Finally, there might be some mathematical domain of discourseR where "round square" functions like "digon," i.e. as a degenerate expression, or something similar (think perhaps of obgenerate cases of a category as ones with too much of what the degenerate case has too little of). That is, a square might be framed as a degenerate circle, or a circle as an obgenerate square, etc. (This is a rather speculative option, I confess, seeing as I am not a good enough abstract geometer to offer this speculation wholeheartedly; but so I leave it to our more well-informed audience to decide the merits of this proposal.)


ROr take the trivial ring where 1 = 0 and analogize this to a space where a square = a circle, perhaps.

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It is true that there exists no entity which instantiates the set squares which has the characteristic round.

It is true that there exists no entity which instantiates the set squares which has the characteristic round and which has the characteristic green.

It is false that there exists an entity which instantiates the set squares which has the characteristic round.

It is false that there exists an entity which instantiates the set squares which has the characteristic round and which has the characteristic big.

It is false that there exists an entity which instantiates the set squares which has the characteristic round and which has the characteristic round.

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  • So, are "round square is green" and "round sqaure is round" false?
    – user68943
    Commented Nov 17, 2023 at 4:09
  • @Collins when translated into an unambiguous sentence that can mean what is probably meant by "a round square is...", yes.
    – g s
    Commented Nov 17, 2023 at 4:10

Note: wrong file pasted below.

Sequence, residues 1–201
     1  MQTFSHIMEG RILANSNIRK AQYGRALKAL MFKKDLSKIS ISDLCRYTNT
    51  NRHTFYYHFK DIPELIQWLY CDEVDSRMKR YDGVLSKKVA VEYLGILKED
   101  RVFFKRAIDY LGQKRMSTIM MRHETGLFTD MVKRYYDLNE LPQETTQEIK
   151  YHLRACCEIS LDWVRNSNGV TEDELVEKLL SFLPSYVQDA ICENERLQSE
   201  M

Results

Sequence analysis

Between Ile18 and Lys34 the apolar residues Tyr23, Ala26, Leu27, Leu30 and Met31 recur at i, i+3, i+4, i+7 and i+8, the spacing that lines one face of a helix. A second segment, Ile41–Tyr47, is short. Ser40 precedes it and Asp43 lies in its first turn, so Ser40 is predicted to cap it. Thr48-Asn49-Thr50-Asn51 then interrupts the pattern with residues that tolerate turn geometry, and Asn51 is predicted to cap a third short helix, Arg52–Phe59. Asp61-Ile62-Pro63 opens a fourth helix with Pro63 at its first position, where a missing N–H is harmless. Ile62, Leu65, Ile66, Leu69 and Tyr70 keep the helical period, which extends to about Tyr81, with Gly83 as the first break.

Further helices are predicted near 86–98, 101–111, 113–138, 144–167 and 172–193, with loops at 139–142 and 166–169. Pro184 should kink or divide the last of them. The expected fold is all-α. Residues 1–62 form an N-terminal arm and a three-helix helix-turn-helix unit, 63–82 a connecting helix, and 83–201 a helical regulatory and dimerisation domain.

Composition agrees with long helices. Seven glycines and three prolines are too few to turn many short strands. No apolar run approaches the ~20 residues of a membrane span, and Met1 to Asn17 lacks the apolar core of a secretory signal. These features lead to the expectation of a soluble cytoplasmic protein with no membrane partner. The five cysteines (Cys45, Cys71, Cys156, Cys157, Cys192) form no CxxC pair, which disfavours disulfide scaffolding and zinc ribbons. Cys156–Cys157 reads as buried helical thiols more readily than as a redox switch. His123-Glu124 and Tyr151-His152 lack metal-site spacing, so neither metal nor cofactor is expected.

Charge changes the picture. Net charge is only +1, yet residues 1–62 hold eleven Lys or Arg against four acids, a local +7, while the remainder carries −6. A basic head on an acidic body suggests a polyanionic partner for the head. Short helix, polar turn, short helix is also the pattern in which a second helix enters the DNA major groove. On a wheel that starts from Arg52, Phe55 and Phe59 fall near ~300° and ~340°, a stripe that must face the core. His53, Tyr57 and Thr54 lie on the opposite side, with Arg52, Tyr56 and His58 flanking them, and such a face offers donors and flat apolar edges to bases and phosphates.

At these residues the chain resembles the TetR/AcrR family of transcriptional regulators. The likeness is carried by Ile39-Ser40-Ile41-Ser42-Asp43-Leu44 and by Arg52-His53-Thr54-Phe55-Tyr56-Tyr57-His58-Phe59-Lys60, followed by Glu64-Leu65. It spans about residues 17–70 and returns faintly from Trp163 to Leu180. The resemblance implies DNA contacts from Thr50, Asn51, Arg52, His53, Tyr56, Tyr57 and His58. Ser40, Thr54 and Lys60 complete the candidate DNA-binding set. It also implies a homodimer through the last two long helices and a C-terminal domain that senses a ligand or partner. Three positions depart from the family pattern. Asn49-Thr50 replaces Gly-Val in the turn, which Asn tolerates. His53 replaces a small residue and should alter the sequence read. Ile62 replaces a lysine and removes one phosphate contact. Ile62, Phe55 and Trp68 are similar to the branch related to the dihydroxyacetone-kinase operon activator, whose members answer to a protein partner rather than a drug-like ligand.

• @g s I'm sorry, but then "round square isn't green" and "round square isn't round" are true?
    – user68943
    Commented Nov 17, 2023 at 4:13
  • @collins yes, when likewise translated into a more unambiguous sentence.
    – g s
    Commented Nov 17, 2023 at 4:16
  • @g s What do you mean by "when translated into an unambiguous sentence"? I'm sorry but I'm not an English speaker so it's a bit hard to understand.
    – user68943
    Commented Nov 17, 2023 at 4:17
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Square wheels

Square wheels

Does this aid you in your quest?

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  • They just demonstrated that all wheels need to be round, which doesn't mean that square wheels are round.
    – NotThatGuy
    Commented Nov 17, 2023 at 9:30
  • Point. I was mistaken.
    – Hudjefa
    Commented Nov 17, 2023 at 10:02
  • * I meant "not all wheels", but I guess that was obvious.
    – NotThatGuy
    Commented Nov 17, 2023 at 10:05
  • THIS. Given enough time and money, you can achieve the impossible.
    – Scott Rowe
    Commented Nov 17, 2023 at 13:19
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Sometimes propositions are called "truth barers" where their truth or falsity depend on some state of affairs in the world (a particular spatiotemporal location). for e.g. the proposition that "Paris is the capital of France" is true now but thousands of years ago it would be false. So seeing that it is impossible that round squares can exist then any proposition about them would always be false.